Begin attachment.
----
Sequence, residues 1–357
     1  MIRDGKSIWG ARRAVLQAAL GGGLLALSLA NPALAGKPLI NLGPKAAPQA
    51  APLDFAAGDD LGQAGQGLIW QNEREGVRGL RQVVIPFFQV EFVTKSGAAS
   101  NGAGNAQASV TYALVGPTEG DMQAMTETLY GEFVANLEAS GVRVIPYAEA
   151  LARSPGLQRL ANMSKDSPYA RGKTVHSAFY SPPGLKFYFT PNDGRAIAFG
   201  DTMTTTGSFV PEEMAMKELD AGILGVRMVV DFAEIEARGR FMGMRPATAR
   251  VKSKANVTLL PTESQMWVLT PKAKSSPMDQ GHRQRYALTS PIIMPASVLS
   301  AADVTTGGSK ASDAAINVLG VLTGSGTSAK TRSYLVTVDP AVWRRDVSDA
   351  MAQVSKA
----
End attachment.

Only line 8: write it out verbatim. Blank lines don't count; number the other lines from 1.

   301  AADVTTGGSK ASDAAINVLG VLTGSGTSAK TRSYLVTVDP AVWRRDVSDA